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Movie Review: Big Man Japan

Posted by representingpuroresu on 02/21/2010

As noted yesterday I did pick up a couple Japanese movies when I went to Borders Friday night. One turned out to be basically porn in disguise. The other one…was not. In fact, it could pass for an arthouse flick! It actually was one I’d seen before and thought a couple times about getting elsewhere but passed until now. So without further adieu here’s my capsule review of the other addition to my Japanese cinema collection-“Big Man Japan”. (Updated 2/22/10 with thoughts on DVD extras)

Part of a series called the “6 Shooter Film Series”, Big Man Japan is a rather different take on the “giant superhero/monster” genre that has long been a staple of Japanese cinema. The main character is Daisato, a seemingly normal man who keeps to himself but has allowed a camera crew to film him almost 24/7, almost like it’s a documentary/biography of him and his life. The kicker is that when giant monsters attack parts of Japan, Daisato can get electrocuted at power plants and transform into Big Man Japan, a big (size and hair) superhero who fights off evil but, unlike most superheroes, doesnn’t exactly get the adoration of the public. In fact, they despise him. All the while Daisato has to deal with his agent trying her best to make sponsor deals work for him, the film crew following him 24/7, dealing with personal issues that seem to plague him, and of course the monsters and even the Japan Ministry Of Defense.
The first thought I had was that, when I started watching, this wasn’t going to be a comedy as I expected, as it clearly had more of a documentary/biography feel to it. A bit disappointing at first, but you get used to it and it’s a unique way of doing the movie and following the main character. The superhero scenes are few and kinda far between but they are funny when they do go down, and the last half-hour really makes up for lost time. The final battle scene and the end credits are nonstop hilarious. It’s also worth noting that apparently this film underwent some kind of editing-I haven’t watched them yet but as part of the DVD extras there are 52…FIFTY-TWO!…minutes of deleted scenes. There’s also a 68-minute making-of feature. So I’ll withhold full judgment until I watch the extras but as for the movie, it’s largely saved by the last 30-40 minutes. By no means is it a bad film-if nothing else it’s interesting because of how it seems to be filmed from the film crew’s perspective, and that aspect is well-done-but it didn’t have nearly the amount of action and humor I was hoping for. Just hang in there until the end and the final scenes make up for some of it, but as a whole don’t have too-high expectations based on what you see on the package or you’re going to be a little disappointed. But if you want to see a different way of making a non-documentary film look like one and a film style I’d like to see more of, take a look at it. And remember, don’t fully judge it until watching the extras-namely all those deleted scenes.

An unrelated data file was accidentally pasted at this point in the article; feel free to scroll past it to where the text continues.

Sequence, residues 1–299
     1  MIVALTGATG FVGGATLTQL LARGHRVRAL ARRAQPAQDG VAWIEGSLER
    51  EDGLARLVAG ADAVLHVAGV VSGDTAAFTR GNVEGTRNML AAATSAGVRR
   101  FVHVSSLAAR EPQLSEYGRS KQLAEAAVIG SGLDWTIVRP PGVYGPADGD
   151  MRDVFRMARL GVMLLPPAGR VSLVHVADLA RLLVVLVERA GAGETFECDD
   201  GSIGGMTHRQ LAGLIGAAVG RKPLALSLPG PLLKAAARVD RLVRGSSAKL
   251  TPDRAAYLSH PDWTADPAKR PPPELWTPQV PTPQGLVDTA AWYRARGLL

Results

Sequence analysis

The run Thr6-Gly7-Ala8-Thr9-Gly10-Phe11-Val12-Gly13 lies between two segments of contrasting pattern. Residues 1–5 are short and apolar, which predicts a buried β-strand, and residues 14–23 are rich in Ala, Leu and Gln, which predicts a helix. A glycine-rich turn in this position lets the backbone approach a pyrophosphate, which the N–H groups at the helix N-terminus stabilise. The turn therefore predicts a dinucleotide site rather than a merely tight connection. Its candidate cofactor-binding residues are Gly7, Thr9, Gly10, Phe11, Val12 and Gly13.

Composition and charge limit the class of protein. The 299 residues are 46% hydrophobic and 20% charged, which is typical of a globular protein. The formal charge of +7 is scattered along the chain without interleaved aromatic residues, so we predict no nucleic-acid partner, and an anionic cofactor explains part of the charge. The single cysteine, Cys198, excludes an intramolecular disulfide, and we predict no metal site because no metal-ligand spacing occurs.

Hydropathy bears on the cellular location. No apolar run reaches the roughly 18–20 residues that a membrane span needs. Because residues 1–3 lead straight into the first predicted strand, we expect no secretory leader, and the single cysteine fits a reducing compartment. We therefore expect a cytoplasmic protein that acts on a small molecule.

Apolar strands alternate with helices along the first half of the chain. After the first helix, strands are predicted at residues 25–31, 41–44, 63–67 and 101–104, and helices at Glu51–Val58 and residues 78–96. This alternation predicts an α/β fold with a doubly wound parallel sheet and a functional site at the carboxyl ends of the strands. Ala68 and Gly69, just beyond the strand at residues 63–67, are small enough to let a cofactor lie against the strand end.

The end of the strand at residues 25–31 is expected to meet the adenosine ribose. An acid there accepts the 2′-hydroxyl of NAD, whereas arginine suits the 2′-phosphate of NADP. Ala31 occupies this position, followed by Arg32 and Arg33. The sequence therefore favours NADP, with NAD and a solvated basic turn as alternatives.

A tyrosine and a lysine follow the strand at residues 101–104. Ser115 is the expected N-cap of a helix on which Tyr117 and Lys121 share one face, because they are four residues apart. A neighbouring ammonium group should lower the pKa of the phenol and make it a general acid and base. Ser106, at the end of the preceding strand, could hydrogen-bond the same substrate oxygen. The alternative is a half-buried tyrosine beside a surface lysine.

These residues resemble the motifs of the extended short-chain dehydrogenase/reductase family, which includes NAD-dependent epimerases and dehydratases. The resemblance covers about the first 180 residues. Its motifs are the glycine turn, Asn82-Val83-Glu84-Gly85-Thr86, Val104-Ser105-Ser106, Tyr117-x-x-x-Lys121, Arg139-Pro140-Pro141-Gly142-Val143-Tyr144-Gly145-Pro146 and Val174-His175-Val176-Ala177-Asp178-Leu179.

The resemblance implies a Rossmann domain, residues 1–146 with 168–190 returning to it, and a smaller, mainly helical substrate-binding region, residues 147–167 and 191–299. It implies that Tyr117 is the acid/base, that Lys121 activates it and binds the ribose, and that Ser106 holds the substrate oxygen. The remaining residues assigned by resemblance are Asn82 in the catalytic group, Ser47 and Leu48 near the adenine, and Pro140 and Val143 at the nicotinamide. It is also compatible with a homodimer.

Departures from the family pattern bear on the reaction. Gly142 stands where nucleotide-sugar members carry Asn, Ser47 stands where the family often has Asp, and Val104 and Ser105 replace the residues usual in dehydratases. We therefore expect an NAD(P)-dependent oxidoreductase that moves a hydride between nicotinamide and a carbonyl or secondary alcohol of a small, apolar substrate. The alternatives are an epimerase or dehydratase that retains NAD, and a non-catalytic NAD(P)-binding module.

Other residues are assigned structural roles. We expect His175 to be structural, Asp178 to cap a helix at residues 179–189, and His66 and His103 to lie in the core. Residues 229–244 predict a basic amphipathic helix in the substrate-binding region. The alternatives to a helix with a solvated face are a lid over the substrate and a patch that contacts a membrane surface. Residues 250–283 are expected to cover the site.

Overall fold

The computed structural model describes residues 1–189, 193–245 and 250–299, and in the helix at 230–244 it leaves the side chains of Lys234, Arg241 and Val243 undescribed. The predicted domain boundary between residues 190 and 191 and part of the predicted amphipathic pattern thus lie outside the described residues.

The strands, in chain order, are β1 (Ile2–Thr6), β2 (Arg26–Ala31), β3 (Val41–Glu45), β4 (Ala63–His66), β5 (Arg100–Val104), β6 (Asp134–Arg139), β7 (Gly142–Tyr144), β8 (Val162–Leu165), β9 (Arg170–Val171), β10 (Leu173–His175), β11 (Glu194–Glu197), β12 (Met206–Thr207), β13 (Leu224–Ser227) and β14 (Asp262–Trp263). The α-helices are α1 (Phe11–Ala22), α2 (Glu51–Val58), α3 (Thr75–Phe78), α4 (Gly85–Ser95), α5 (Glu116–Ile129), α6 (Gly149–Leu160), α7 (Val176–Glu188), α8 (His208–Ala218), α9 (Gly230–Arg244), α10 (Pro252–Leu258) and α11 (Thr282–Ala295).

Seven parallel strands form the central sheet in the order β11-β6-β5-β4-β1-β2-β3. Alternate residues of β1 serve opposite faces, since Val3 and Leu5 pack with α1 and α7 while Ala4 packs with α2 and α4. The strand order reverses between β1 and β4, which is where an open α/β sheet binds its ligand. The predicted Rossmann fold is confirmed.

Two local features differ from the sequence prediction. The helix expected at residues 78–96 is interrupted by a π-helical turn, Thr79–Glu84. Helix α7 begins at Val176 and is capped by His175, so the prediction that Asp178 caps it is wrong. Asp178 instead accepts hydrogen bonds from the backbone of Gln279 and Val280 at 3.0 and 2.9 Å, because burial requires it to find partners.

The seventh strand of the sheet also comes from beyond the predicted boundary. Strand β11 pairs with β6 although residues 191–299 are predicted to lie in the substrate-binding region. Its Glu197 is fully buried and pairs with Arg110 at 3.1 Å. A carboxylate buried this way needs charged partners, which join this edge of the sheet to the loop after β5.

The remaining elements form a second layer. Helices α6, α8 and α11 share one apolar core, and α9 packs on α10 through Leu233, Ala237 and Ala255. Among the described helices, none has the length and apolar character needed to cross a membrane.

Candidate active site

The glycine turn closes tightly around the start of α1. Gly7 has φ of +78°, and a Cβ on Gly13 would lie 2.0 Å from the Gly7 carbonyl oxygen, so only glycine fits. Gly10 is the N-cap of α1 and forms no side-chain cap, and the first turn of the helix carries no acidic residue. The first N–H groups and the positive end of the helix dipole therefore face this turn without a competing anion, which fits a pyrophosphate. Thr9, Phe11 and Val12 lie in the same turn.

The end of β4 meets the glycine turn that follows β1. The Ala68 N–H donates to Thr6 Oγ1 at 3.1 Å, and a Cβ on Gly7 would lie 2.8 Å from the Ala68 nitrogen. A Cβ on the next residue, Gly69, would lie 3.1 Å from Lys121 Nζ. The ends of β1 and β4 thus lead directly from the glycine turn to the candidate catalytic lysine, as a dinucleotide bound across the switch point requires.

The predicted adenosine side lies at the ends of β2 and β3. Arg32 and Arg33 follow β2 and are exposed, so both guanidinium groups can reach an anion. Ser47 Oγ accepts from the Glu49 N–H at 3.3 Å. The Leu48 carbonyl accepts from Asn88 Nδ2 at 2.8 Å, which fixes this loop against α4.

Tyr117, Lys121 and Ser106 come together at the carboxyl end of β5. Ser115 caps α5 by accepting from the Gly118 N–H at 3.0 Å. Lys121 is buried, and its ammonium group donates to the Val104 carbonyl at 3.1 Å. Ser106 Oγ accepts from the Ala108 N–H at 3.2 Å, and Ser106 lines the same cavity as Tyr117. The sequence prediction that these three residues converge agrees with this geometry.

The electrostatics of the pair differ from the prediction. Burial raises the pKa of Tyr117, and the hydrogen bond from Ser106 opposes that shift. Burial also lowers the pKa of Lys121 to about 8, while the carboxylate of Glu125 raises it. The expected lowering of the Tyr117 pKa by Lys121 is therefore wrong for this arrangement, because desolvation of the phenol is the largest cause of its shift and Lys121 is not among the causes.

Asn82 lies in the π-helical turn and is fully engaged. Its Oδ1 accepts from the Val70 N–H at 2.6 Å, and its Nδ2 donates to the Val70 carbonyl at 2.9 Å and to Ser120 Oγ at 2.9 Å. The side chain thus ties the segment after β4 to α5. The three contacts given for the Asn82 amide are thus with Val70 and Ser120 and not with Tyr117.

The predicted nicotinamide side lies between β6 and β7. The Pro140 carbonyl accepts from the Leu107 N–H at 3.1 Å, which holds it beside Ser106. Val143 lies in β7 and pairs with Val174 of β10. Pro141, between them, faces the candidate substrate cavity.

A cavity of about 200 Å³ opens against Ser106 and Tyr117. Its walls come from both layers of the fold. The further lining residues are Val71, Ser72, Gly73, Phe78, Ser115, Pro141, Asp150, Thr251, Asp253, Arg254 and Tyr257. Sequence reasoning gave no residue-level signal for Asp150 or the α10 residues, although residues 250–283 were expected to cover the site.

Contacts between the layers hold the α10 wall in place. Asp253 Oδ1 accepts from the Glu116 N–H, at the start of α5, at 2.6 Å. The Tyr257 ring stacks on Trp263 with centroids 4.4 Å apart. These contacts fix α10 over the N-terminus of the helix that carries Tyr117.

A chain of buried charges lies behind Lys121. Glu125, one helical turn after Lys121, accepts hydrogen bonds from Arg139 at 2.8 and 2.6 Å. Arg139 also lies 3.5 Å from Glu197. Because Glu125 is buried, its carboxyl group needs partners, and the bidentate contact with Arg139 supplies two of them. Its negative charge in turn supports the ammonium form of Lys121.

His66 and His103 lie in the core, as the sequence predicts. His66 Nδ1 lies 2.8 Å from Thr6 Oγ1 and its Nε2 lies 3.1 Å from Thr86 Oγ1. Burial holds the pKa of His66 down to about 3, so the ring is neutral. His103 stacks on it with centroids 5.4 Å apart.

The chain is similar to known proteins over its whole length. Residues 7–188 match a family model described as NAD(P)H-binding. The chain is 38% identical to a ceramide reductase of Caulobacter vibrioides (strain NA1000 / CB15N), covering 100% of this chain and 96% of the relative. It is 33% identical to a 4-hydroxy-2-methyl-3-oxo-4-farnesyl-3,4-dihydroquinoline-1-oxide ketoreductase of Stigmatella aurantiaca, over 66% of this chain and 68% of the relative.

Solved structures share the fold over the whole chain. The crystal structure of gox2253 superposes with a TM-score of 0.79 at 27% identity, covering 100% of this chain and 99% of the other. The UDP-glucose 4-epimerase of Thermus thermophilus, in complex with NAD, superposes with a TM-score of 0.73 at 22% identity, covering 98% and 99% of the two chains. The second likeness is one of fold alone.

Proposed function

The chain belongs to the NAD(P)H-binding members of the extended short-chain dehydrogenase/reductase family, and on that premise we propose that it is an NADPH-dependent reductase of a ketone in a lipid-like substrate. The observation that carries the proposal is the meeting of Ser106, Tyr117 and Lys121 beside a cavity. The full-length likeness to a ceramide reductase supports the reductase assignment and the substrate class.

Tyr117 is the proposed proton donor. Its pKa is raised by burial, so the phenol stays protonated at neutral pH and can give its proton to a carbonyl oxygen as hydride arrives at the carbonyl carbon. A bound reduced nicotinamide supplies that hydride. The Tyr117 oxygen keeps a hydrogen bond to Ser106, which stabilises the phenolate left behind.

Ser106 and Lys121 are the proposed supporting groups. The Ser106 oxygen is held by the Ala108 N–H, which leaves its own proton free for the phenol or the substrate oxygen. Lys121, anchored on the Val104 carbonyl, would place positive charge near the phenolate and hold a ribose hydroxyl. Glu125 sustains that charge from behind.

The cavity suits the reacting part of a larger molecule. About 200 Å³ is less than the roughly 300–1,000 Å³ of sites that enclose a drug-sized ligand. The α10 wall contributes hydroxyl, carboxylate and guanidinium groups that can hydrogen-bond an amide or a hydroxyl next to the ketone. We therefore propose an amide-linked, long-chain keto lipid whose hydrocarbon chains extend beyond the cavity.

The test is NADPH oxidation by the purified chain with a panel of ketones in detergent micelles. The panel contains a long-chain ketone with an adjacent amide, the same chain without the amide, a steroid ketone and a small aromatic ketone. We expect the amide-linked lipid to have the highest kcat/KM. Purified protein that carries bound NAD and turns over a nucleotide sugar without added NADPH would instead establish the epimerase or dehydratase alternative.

“Big Man Japan” stars Hitosi Matumoto, Riki Takeuchi, UA, Ryunosuke Kamiki & Itsuji Itao. Directed by Hitosi Matumoto. Originally released in Japan in 2007 by Yoshimoto Kogyo Co., LTD. Released in US in 2009 by Magnolia Pictures. In Japanese with English & Spanish subtitles. 108 minutes. Rated PG-13 for sci-fi action and crude humor. Even with a couple of really cruse moments and a brief disturbing image or two, I’d still call it a mild PG-13, but a little too strong for a PG. Still OK for 13+.

Rating (1-10): 7 (Good).

Recommendation: Rent. Not good enough for a right-away buy.

DVD extras: 52 minutes of deleted scenes, 68-minute “Making Of Big Man Japan” feature with commentary.

Available in the US on DVD.

Update: Having watched the deleted scenes some thoughts on them…
There are 16 or 17 in all. 13-14 of them are actually extended versions of scenes from the film that were edited to how they appear. Each of these scenes originally an 2-4 minutes on average but one ran for over 10 minutes! Too bad they were cut out because they reveal more interesting details about the main character. Towards the end there are a couple of quick scenes that were completely edited out as well as an extended/re-done final battle scene sequence. Overall they’re worth watching.

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